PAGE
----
Since its release on November 24, 2013, Pope Francis’ first official document, Evangelii Gaudium (“The Joy of the Gospel”), has been the subject of controversy among many self-described “orthodox Catholics,” not for any questionable theological content, but because of several sections that condemn the negative effects of trickle-down economics on the poor.
R.R. Reno, editor of First Things, an influential conservative Catholic magazine, dismissed Pope Francis’ call to end structural poverty as misplaced populism while admiring the pontiff’s call for believers to re-evangelize secular culture. U.S. Representative Paul Ryan (R-WI) explained away Pope Francis’ distaste for his party’s preferred brand of economics by telling the Milwaukee Journal-Sentinel, “[The pope] is from Argentina, they haven’t had real capitalism in Argentina,” as if the pontiff’s Latin American background is a handicap that needs to be overcome before he can achieve neo-liberal enlightenment. In his usual bombastic manner, talk show host Rush Limbaugh accused Pope Francis of “preaching pure Marxism” and bemoaned the “good old days” when reliable conservatives like John Paul II manned the chair of St. Peter’s Basilica.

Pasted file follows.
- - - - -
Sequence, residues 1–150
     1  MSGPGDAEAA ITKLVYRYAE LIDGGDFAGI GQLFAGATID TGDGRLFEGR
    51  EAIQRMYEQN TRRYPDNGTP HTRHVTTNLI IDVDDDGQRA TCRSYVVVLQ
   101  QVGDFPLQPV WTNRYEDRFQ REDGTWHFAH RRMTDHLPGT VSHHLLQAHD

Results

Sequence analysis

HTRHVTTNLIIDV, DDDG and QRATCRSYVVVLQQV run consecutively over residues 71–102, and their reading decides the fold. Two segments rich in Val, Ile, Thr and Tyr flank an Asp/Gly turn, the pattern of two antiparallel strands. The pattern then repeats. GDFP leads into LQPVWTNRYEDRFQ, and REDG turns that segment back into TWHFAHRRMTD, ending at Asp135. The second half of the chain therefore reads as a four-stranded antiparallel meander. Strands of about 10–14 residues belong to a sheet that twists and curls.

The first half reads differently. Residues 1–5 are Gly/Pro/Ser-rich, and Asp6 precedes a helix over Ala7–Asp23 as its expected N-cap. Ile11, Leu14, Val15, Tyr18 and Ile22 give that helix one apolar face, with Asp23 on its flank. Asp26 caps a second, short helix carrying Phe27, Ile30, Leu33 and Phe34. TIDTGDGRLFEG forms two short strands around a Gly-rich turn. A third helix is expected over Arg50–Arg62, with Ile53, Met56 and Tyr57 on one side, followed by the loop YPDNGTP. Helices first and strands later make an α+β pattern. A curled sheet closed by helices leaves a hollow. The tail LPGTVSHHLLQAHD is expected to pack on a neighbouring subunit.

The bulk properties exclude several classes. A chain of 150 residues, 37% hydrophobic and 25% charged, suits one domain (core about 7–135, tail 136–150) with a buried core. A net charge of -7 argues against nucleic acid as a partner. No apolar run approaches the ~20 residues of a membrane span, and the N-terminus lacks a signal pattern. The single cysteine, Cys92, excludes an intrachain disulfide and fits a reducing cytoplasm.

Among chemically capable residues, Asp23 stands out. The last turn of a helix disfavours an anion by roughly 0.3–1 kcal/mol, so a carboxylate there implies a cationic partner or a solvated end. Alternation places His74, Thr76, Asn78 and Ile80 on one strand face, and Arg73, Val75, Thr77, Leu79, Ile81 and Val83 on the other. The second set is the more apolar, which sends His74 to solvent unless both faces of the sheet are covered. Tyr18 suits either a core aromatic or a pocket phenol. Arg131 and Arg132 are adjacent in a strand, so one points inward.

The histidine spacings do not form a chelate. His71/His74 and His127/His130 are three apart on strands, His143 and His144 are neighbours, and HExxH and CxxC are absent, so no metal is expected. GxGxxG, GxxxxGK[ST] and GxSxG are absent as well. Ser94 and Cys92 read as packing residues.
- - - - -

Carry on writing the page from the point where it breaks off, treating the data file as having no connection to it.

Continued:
Atheists, humanists, freethinkers, and other nonreligious people, accustomed to pro-market Catholics like George Weigel, Michael Novak, and Ross Douthat cheerleading the saving power of the invisible hand, may be puzzled by the pope’s strident denunciations of capitalism, but his comments really shouldn’t be surprising, given that the Catholic Church has always had an ambivalent attitude towards capitalism.